Beethoven’s good friend, violinist Ignaz Schuppanzigh, having recently arrived back in Vienna, comes to visit today. He has applied for a position as orchestra director at the Kärntnertor Theater, but he can’t find the administrator, Louis Antoine Duport. “Every day, I run around and I can never find him.” He cannot stay for dinner today, or come tomorrow, but he could Saturday if Beethoven wants.
Shortly after Schuppanzigh leaves, Anton Schindler pays a call in the early afternoon. They discuss the benefits of Hetzendorf as a summer place. It would be convenient, with easy communication with the City, and has beautiful walks to Kalksburg and Kaltenleutgeben. Due to the ongoing work with the Missa Solemnis, it’s important that Beethoven be able to be in Vienna frequently, which makes Hetzendorf very suitable. The apartment there is furnished. Beethoven suggests that Schindler move into his present apartment, to be able to accept mail and so forth. Schindler says he has rehearsal in the morning but should have time to go talk to the Countess in the afternoon. Schindler believes there is a bath at Hetzendorf, and there are others in Hietzing and Meidling nearby.
Count Bernstorff, the Danish ambassador in Vienna, has accepted the solicitation letter for the Missa Solemnis, and has forwarded it on.
Beethoven continues to complain about his head cold. Dr. Smetana said that it’s primarily an irritation in the throat, caused by his constant coughing. Beethoven coughs so much that he may not even be aware of it any more. Schindler believes he is right.
They discuss Frau Blöchlinger, and Schindler believes she must be sick. “She looks like a corpse.” [A few weeks earlier, Karl had described her as looking like a skeleton.]
For business matters, Schindler will take the proposed contract for the publication of the Missa Solemnis to Anton Diabelli today; he hopes they will sign it right away. Beethoven does not give it to him yet.
Both the old woman, Barbara Holzmann, and the current maid are in a good mood today. Holzmann is very satisfied with the young maid, who understands everything that needs to be done very well.
Beethoven and Schindler wonder whether they will get a response soon from Cherubini. [Beethoven had written the composer in Paris over a month ago on March 15 to see if he could expedite the Missa Solemnis solicitation with the French Court.] If he knows publisher Maurice Schlesinger, he might be the one to respond. [In 1841, Cherubini told Schindler that he never received Beethoven’s letter.]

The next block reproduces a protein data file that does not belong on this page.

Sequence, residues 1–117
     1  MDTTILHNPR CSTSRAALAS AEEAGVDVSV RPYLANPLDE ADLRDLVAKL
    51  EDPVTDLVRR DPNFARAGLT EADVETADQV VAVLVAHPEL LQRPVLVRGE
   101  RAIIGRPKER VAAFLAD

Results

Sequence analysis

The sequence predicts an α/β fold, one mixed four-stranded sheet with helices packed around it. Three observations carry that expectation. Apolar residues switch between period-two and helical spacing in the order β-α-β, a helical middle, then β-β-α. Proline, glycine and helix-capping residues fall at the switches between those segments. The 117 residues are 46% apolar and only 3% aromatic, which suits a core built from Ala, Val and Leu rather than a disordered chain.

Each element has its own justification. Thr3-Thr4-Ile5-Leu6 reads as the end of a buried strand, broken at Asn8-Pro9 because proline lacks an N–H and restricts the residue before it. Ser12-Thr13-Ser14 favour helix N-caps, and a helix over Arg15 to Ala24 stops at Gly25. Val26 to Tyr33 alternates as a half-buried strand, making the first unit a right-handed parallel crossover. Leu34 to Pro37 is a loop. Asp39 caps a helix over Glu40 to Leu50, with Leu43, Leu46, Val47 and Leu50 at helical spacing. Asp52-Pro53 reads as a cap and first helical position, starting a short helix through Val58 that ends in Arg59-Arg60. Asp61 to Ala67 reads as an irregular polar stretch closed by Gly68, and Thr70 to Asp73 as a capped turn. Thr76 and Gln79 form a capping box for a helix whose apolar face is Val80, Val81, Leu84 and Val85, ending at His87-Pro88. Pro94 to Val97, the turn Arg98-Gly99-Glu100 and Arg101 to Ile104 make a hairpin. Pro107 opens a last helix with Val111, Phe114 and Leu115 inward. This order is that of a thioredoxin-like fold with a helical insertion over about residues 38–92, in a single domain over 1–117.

Schindler will go to check the apartment in Henzendorf later this afternoon; it only costs a florin to take a carriage there and back. But first, he needs to visit Diabelli with the contract for the Missa Solemnis. Beethoven has some hesitation, and gives Schindler the contract, but he doesn’t want to sign it just yet.
After Schindler leaves, Beethoven goes to a coffee house and reads the local newspapers. He makes notes of several apartments, carriage rentals to surrounding areas, and a widow who seeks employment as a housekeeper. He also makes a reminder memorandum to get a little savings book for Karl, with some small sums for incidentals.
In the late afternoon, Moritz Lichnowsky stops by, probably to drop off Grillparzer’s libretto to Melusine. Grillparzer still wants to visit in person, to discuss alterations. He also wants to write Dragomira for Beethoven. Lichnowsky agrees that Dragomira is a grand, tragic story. “Grillparzer is a very lovely and sincere man.”
Conversation Book 30, 36v-44v.
The emperor finally gives his approval of Beethoven accepting the membership in the Royal Swedish Academy of Music, which has been in process since January. Due to the many layers of bureaucracy, it will take nearly a month or more for Beethoven to get the formal approval in hand.